citizen

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citizen

n. person who by place of birth, nationality of one or both parents, or by going through the naturalization process has sworn loyalty to a nation. The United States has traditionally taken the position that an American citizen is subject to losing his/her citizenship if he/she commits acts showing loyalty to another country, including serving in armed forces potentially unfriendly to the United States, or voting in a foreign county. However, if the foreign nation recognizes dual citizenship (Canada, Israel, and Ireland are common examples) the U. S. will overlook this duality of nationalities.

citizen

noun civis, denizen, dweller, habitant, indigene, indweller, inhabitant, inhabiter, inmate, occupant, occupier, residencer, resident, resider
Associated concepts: adopted citizens, citizen of a state, cittzen of the United States of America, citizens of different states, diversity of citizenship, domicile of a citizen, foreign citizen, native-born citizen, natural-born citizen, naturalized citizen, nonresident citizen, privilege and immunities of cittzens, renunciation of citizenship
Foreign phrases: Semel civis semper civis.Once a citizen always a citizen.
See also: denizen, domiciliary, inhabitant

CITIZEN, persons. One who, under the constitution and laws of the United States, has a right to vote for representatives in congress, and other public officers, and who is qualified to fill offices in the gift of the people. In a more extended sense, under the word citizen, are included all white persons born in the United States, and naturalized persons born out of the same, who have not lost their right as such. This includes men, women, and children.
     2. Citizens are either native born or naturalized. Native citizens may fill any office; naturalized citizens may be elected or appointed to any office under the constitution of the United States, except the office of president and vice-president. The constitution provides, that "the citizens of each state shall be entitled to all the privileges and immunities of citizens in the several states." Art. 4, s. 2.
     3. All natives are not citizens of the United States; the descendants of the aborigines, and those of African origin, are not entitled to the rights of citizens. Anterior to the adoption of the constitution of the United States, each state had the right to make citizens of such persons as it pleased. That constitution does not authorize any but white persons to become citizens of the United States; and it must therefore be presumed that no one is a citizen who is not white. 1 Litt. R. 334; 10 Conn. R. 340; 1 Meigs, R. 331.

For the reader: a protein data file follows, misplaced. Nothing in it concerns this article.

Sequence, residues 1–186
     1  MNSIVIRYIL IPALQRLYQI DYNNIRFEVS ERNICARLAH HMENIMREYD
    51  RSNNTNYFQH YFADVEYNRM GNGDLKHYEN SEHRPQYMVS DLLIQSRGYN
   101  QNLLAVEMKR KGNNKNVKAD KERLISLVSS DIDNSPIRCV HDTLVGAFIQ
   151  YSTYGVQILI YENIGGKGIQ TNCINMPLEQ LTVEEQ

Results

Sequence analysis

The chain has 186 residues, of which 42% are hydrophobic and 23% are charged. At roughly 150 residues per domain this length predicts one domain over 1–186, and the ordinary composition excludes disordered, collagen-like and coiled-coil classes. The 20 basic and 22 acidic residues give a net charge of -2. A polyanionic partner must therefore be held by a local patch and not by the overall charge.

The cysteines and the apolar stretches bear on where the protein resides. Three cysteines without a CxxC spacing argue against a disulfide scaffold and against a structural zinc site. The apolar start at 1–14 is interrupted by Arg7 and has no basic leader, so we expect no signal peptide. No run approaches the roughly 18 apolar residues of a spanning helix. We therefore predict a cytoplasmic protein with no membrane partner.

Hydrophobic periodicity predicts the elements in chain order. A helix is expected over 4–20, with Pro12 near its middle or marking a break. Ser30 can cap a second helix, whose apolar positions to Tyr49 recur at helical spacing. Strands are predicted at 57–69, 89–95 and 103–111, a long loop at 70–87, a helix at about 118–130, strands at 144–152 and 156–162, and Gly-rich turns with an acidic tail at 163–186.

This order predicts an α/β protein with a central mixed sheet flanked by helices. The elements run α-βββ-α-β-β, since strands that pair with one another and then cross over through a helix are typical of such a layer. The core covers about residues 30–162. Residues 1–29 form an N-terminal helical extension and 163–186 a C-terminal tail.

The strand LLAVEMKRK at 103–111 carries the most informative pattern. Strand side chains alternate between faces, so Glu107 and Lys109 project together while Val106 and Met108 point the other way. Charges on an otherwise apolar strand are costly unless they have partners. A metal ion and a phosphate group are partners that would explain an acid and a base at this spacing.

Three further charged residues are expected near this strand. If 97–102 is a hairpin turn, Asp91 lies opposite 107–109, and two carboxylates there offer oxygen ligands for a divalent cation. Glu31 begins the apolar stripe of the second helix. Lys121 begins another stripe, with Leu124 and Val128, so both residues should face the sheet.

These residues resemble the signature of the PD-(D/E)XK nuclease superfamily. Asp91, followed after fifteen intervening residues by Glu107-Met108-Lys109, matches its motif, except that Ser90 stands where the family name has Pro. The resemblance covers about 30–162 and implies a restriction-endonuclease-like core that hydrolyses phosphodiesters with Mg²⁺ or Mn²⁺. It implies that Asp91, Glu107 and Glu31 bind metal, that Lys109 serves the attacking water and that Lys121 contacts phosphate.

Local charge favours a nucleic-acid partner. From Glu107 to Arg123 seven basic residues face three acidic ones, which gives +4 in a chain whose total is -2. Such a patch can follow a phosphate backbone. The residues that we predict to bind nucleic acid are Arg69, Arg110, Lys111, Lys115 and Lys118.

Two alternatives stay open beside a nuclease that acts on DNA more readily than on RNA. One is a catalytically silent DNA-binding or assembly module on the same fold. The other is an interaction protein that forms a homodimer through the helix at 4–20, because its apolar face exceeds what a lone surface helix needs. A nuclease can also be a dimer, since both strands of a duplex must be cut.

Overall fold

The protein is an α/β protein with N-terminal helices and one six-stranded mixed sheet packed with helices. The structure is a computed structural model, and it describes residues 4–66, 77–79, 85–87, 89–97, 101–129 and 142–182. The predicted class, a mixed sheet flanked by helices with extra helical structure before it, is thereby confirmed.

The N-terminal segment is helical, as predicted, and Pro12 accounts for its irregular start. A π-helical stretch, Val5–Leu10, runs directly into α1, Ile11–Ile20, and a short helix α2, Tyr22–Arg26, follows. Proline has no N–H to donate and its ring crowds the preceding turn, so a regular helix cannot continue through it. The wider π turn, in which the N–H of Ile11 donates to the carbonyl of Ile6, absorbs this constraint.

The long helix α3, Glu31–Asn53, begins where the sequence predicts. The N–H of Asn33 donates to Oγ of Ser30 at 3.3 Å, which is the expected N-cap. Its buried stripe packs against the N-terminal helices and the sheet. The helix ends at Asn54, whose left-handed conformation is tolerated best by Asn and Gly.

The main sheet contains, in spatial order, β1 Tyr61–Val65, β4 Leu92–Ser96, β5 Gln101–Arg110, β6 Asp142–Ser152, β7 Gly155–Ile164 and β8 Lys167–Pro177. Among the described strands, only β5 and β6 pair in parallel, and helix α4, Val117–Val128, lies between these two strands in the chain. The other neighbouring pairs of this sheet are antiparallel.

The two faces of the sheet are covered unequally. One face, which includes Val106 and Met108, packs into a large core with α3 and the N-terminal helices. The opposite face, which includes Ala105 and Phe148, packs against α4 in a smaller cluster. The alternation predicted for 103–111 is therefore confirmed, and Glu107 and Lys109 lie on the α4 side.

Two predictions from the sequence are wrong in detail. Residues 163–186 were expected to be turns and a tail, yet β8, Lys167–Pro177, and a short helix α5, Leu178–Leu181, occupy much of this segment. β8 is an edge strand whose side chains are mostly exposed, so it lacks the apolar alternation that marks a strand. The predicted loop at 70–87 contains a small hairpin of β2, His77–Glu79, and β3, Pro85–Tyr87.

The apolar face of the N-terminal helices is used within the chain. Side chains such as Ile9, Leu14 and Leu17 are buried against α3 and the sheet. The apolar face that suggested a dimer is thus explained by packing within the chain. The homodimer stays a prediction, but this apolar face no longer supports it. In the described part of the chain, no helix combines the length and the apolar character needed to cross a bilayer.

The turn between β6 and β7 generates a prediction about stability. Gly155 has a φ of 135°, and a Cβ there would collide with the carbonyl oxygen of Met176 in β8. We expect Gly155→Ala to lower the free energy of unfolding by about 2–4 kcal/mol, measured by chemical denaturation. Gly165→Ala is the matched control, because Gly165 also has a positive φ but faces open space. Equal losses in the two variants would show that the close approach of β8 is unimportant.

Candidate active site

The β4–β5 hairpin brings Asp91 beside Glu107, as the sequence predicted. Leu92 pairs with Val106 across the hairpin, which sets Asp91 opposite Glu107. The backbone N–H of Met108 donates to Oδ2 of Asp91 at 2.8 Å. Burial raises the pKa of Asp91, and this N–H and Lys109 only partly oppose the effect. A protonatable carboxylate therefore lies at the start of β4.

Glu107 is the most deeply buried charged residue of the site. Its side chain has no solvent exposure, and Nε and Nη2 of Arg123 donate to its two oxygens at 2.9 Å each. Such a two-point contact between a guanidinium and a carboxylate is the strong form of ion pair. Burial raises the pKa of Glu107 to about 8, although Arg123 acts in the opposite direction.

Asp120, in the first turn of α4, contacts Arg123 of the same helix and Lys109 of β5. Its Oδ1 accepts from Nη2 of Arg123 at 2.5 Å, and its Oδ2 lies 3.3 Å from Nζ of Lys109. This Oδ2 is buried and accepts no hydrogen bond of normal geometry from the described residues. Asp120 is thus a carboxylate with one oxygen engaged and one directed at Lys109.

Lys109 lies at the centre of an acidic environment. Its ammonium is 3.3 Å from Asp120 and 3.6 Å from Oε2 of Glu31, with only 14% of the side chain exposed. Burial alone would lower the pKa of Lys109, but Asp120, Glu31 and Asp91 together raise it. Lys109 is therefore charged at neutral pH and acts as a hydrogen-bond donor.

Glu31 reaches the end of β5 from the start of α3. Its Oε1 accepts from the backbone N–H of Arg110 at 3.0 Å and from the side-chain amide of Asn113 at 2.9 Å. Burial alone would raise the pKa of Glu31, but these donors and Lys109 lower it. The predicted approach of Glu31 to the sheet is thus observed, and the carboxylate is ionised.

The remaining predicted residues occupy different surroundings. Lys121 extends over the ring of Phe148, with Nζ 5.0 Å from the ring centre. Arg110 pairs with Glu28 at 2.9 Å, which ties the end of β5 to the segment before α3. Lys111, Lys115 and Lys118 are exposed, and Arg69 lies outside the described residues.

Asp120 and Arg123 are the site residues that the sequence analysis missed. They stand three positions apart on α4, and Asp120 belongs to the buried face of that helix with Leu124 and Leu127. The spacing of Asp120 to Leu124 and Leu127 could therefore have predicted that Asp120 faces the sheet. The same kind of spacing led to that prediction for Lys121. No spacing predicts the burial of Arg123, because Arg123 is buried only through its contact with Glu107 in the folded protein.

4. A citizen of the United States, residing in any state of the Union, is a citizen of that state. 6 Pet. 761 Paine, 594;1 Brock. 391; 1 Paige, 183 Metc. & Perk. Dig. h.t.; vide 3 Story's Const. Sec. 1687 Bouv. Inst. Index, b. t.; 2 Kent, Com. 258; 4 Johns. Ch. R. 430; Vatt. B. 1, c. Id, Sec. 212; Poth. Des Personnes, tit. 2, s. 1. Vide Body Politic; Inhabitant.

References in periodicals archive ?
Outside of memoirs or biographies, a literary scholar's citizenly responsibility to writers, including living ones, is probably to treat them impersonally.
Once the political is understood as already constituted by numerous approaches to and purposes for citizenly activity, the already present subject positions developing within environmental discourse themselves become subject to interrogation.
And to start afresh, articulating and fighting for the creative, democratic, radical, just and citizenly stake in contemporary telecommunications networks.
19) The conviction that most reasonable and humane qualities of mankind arose in sociability rather than in isolation set the stage for American republicans to see marriage as a training ground of citizenly virtue.